BEIRUT -- The fate of Islamic State group leader Abu Bakr al-Baghdadi is still unknown after reports over the weekend that he was wounded in an airstrike in Iraq. On Sunday, Iraqi airstrikes in Anbar province in the west, which was overrun by ISIS militants more than a year ago, targeted a convoy of militant leaders that possibly included Baghdadi.
The self-styled caliph of the terrorist group, also known as ISIS, was wounded in the strike, the Sunni tribal council of Anbar said Monday. On the same day, however, the Iraqi government also made a statement that Baghdadi was most likely not even in the convoy that had been hit by airstrikes.
"After assessing all information we received from our sources, it’s more likely that the convoy we struck was not carrying Abu Bakr al-Baghdadi," an Iraqi official told Reuters.
On Sunday, the Iraqi Ministry of Defense announced that its air force had bombed Baghdadi’s convoy while it was headed toward the Syrian border for a meeting. The militant leader was removed from the scene of the bombing after his convoy was attacked, Reuters reported.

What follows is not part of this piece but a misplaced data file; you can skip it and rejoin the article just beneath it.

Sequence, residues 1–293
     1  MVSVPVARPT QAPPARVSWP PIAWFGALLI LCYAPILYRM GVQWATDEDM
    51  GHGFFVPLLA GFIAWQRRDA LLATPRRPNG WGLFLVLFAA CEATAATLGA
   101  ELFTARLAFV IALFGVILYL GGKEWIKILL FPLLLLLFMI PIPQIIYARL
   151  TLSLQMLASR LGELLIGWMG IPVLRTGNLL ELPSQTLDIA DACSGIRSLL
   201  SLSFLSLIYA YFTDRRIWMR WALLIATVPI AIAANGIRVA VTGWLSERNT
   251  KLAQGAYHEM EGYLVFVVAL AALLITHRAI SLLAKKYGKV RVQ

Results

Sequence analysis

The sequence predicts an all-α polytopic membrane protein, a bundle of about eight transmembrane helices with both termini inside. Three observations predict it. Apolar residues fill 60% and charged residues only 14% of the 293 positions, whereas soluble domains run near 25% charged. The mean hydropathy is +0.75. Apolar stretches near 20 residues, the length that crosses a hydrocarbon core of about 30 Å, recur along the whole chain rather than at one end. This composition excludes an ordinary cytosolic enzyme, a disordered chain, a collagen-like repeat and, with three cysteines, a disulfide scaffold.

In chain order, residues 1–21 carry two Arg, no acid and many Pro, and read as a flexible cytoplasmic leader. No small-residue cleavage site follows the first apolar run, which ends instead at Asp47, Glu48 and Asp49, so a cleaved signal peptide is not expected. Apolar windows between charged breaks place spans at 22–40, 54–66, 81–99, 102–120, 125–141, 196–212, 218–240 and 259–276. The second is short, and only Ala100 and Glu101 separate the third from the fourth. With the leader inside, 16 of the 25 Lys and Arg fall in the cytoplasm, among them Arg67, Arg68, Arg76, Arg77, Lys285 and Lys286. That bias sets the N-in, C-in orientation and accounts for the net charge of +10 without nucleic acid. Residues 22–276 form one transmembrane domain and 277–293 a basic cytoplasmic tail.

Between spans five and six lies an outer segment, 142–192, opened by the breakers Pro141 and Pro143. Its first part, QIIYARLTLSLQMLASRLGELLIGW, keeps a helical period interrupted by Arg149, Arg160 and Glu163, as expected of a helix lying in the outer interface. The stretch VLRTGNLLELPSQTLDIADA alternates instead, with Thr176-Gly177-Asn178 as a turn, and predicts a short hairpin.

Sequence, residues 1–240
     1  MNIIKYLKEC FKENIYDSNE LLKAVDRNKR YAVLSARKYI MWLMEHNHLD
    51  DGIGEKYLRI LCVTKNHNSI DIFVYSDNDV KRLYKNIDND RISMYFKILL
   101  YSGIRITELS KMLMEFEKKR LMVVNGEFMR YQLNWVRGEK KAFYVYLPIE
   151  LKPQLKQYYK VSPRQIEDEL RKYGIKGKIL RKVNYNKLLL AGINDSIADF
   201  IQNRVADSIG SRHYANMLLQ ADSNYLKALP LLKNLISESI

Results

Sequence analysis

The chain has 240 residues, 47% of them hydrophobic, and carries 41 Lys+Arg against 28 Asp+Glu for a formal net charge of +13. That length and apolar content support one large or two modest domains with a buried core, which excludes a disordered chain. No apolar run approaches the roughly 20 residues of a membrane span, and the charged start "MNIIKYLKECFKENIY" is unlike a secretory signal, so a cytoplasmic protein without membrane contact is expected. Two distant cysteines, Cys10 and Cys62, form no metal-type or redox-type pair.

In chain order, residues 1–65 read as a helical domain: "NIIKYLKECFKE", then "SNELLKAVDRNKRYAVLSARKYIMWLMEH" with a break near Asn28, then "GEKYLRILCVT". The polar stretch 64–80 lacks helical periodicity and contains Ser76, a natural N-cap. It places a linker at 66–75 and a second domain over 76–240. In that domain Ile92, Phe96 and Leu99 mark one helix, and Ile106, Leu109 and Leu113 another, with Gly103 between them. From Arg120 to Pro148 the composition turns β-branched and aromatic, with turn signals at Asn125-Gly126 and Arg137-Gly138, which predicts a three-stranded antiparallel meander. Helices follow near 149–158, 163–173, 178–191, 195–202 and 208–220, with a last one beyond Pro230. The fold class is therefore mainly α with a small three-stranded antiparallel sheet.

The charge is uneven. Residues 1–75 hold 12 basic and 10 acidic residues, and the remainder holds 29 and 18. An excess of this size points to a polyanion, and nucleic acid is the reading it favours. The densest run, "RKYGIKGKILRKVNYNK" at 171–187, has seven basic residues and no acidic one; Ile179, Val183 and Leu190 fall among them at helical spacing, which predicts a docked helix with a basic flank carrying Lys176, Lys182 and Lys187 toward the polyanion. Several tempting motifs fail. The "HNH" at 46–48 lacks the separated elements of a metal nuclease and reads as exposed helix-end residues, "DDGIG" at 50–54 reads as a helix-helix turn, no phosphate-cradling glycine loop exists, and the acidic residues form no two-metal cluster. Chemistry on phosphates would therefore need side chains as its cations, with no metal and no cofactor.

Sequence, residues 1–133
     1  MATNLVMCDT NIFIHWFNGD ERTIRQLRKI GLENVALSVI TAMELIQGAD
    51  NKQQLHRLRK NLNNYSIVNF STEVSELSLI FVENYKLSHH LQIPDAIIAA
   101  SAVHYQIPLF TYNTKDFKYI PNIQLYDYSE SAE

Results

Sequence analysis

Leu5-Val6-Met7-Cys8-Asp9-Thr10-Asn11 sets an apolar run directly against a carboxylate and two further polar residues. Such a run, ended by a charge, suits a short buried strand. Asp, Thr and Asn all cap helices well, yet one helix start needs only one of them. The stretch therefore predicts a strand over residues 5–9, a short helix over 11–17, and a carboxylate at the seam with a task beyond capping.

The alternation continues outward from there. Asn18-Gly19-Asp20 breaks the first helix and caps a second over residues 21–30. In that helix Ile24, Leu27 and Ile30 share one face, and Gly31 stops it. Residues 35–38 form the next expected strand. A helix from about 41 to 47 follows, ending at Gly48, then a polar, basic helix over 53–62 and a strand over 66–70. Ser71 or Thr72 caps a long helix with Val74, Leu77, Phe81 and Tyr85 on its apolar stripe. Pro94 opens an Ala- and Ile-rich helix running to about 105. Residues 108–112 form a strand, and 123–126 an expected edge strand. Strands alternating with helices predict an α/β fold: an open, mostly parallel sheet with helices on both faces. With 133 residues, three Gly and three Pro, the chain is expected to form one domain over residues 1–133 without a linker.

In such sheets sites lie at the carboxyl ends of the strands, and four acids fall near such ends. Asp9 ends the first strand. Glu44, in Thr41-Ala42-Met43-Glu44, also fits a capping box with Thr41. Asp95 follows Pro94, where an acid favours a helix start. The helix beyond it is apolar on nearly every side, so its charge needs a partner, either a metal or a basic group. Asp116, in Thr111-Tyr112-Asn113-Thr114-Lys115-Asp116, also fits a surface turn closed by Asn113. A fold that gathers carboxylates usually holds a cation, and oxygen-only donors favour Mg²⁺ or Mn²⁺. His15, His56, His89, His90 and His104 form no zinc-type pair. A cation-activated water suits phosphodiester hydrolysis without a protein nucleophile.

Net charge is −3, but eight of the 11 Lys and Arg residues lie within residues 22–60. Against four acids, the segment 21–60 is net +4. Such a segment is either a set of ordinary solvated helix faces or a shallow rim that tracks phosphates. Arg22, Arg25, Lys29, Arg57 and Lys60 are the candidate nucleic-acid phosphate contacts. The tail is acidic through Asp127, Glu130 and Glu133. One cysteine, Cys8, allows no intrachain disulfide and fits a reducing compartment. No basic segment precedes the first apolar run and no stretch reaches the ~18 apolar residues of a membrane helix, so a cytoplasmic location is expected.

“Iraqi air forces have bombed the convoy of the terrorist Abu Bakr al-Baghdadi while he was heading to Karabla to attend a meeting with Daesh [ISIS] commanders,” the statement said. “The location of the meeting was also bombed and many of the group’s leaders were killed and wounded.”
Eight senior ISIS leaders were killed in the bombing, said Abu Saad al-Karbouli, a senior local Islamic State policeman.
Similar claims about Baghdadi have been made several times since the U.S. launched a multi-country coalition to defeat the militant group more than a year ago. In May 2015, he was reportedly wounded when a U.S. airstrike hit a town near Mosul, a northern Iraqi city and ISIS stronghold.
Baghdadi also was reported dead after U.S. coalition airstrikes targeted militants in November 2014. Before he was confirmed to be alive, many speculated on whether the death of their leader would have a significant impact on the militant group. His loss would dent the group’s morale, but a new leader would be appointed “without operational delay,” experts said at the time.
“ISIS has likely prepared for Baghdadi’s succession. ISIS has undergone changes in structure during different phases of the group’s evolution,” Lauren Squires of the Institute for the Study of War recently told International Business Times. “They are forward-leaning and -thinking. It would be shortsighted to think that planning a successor is not only part of their logistical plan but their ideological plan, too.”